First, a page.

Governor fires gaming commission; Move raises ire of local leaders and legislators

The battle lines have been drawn between Colorado Governor John Hickenlooper and the Colorado gaming industry.

As a result, some local legislators are raising questions about the governor’s agenda, and his assertions of a business-friendly administration. Already, his actions have prompted outrage by industry officials, local leaders and lawmakers. In addition, political and legal observers are concerned about violating the checks and balances of the current system.

In an unprecedented move, Hickenlooper last week fired the entire Colorado Limited Gaming Control Commission and announced new replacements. These actions are linked to his displeasure over the previous commission’s decision to provide a slight tax cut on casino winnings. With these terminations, the stage is now set for the tax cut action, which amounted to five percent on various levels of winnings, to get reversed. The tax cuts, which would amount to about $5 million, took effect July 1.

In announcing the move, Hickenlooper maintained that these cuts are outrageous, considering that a number of new casino projects are moving forward and millions of gaming-related investment is occurring throughout the gambling towns.

“We don’t believe the Colorado gaming industry should be judged reasonably unprofitable or unhealthy at a time when some casinos are making major multi-million-dollar investments in one of the worst economic periods in our nation’s history,” said Hickenlooper in an prepared statement. “Gaming should be subject to the same risks and rewards of operating and expanding as other industries that don’t have the same ability to change their tax rate based on market conditions. Colorado casinos pay among the lowest tax rates in America, and to lower them even further in these times of unmet needs in local communities makes it appear they are diverting their fair and rightful obligation onto their neighbors in the rest of the state.”

As a former business owner, Hickenlooper also stated that the tax cut move offended him.

But the governor’s actions, the first time an entire gaming commission has been removed in the history of limited stakes gambling, have generated much controversy.

State legislator Carole Murray, who represents Teller and Douglas counties, strongly opposed the move.

“This appears to be an arbitrary move by Gov. Hickenlooper,” said Murray. “What should always be of concern to whoever is serving on the gaming commission is the health and welfare of the Colorado gaming communities –the jobs that are created there, the families that are supported by those jobs and the economies that rely on the gaming industry.”

Michael Smith of the Double Eagle casino, who serves as president of the Colorado Gaming Association, expressed similar sentiments and questioned the merits of judging an entire commission based on one decision. He also advised the new commission members to evaluate the plight of the gaming industry, prior to changing the tax rates.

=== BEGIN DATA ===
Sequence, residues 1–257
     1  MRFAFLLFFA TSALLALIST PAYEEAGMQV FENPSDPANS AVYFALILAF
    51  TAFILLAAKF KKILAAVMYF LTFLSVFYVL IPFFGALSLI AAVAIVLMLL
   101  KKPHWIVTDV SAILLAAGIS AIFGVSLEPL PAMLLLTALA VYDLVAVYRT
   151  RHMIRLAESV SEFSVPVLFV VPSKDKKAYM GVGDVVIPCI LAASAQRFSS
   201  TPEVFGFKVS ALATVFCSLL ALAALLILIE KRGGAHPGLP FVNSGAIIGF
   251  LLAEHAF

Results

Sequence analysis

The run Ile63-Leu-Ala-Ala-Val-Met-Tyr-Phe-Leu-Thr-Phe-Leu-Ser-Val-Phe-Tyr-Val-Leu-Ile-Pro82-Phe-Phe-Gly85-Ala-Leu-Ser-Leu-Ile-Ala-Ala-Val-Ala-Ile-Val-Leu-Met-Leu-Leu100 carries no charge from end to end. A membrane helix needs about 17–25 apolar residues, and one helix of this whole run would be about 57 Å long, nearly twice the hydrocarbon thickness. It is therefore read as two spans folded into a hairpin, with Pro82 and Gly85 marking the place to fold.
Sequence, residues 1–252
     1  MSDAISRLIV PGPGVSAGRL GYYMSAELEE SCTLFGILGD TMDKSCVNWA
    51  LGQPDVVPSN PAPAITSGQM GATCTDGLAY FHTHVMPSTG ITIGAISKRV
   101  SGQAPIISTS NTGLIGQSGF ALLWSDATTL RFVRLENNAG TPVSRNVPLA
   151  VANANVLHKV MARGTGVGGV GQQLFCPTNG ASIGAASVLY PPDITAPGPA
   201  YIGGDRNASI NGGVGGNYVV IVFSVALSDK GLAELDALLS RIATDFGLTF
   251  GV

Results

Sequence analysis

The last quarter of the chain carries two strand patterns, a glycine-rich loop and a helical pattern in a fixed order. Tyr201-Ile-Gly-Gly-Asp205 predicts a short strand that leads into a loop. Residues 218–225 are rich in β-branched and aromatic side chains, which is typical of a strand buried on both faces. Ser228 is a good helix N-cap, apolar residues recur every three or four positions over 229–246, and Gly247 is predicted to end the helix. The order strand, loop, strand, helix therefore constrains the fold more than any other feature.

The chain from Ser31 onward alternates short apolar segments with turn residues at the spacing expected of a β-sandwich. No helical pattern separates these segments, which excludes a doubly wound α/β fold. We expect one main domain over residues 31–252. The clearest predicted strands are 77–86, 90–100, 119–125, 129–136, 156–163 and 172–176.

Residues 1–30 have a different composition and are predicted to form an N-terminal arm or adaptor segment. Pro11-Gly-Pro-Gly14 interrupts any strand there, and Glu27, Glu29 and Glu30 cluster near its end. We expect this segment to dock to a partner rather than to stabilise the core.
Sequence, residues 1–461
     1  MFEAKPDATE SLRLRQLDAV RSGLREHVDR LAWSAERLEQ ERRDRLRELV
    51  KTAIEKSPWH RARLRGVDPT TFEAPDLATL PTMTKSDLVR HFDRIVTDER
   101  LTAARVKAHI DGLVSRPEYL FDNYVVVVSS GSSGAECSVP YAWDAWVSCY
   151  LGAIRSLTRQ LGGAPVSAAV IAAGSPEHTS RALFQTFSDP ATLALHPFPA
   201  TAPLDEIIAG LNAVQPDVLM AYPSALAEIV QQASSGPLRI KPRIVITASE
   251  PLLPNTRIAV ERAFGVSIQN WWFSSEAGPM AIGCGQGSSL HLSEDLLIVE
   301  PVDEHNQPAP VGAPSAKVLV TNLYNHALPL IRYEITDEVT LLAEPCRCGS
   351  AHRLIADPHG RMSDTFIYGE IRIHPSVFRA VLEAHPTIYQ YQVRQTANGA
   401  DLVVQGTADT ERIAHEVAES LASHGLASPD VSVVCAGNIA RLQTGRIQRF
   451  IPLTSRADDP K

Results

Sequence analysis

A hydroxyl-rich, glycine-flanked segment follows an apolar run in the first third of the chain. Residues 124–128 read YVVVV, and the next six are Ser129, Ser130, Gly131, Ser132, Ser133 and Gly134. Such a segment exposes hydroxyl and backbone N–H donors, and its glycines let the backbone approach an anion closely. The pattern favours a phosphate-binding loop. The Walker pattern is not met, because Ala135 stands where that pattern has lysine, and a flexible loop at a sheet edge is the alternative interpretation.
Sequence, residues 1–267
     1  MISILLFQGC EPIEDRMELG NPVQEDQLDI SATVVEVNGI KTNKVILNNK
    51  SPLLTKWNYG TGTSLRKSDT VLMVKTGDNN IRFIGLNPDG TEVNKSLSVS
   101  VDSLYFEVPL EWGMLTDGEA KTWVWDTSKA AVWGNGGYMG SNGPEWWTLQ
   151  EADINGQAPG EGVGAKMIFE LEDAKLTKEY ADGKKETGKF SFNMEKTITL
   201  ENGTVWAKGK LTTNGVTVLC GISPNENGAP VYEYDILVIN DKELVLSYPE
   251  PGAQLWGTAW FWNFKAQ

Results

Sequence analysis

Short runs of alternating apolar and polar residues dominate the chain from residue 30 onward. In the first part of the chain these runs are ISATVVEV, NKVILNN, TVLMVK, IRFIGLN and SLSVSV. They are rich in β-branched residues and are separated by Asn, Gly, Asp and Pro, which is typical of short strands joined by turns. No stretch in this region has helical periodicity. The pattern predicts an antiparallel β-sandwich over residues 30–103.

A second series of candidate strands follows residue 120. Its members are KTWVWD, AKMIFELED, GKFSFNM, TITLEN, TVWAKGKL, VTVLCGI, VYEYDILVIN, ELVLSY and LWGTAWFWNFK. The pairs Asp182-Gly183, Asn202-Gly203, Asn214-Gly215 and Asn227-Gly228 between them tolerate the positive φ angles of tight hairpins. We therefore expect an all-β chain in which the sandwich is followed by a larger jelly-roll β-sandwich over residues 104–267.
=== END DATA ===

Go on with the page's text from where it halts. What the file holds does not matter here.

Industry proponents note that the commission’s original decision, which occurred in May, followed hours of testimony. The main evidence that swayed the commission dealt with statistics, indicating that casinos are incurring an average annual loss of $11 million. Although a few casinos have fared quite well, the industry has gotten clobbered by the smoking ban, economic recession and more competition from other states. In Cripple Creek, the town’s betting device lineup has shrunk by nearly 30 percent.

But some major entities that take a portion of the casino taxes, such as the Colorado Historical Society and community colleges, weren’t convinced. They tried to get the commission to reverse its tax cutting decision. The commission, though, rejected their request, saying the industry needed a tax break.

Locally, Hickenlooper’s decision has posed many question marks, especially with area governments planning for 2012 expenses. Local government leaders had previously supported the commission tax-cutting action, citing the desire to have a strong industry. And this support was expressed, even though several local governments would receive less money through the changes.

“I don’t like the way he (John Hickenlooper) handled this at all,” said Jim Ignatius, the chairman of the Teller County Commissioners, who also serves on the advisory board that evaluates gaming impacts. “He can do whatever he wants, but I don’t agree with this. This is a pretty blatant move. I guess we have different philosophical views about how to raise revenue. Their (casino) proceeds could go up with the lower taxes.”

And contrary to Hickenlooper’s statements, Ignatius, who attended several hearings that determined the tax rate reduction, said a pressing point was made to try to make Colorado casinos more competitive with gaming establishments in other states. “They (the gaming commission) made this decision following two months of testimony. And for doing their job, they were fired,” added Ignatius.

As for impacts to Teller County with less casino tax money, Ignatius said the reduction would be extremely small.

Cripple Creek City Administrator Ray White told the council last week that this tax cut is now in limbo. And as the city enters its budget season, he said the town isn’t sure whether it needs to make plans for going without an additional $100,000 (money it would lose under the tax cuts).

The new commission members include: Charles Murphy of Colorado Springs, Adams County Sheriff Douglas Darr of Thornton, Jannine Mohr of Loveland, Robert Webb of Golden and Lowell Hutson of Denver.

Of the new appointees, Murphy is the most well-known in the local region. He is a key leader of the El Paso County Democratic Party and has done development work in Woodland Park.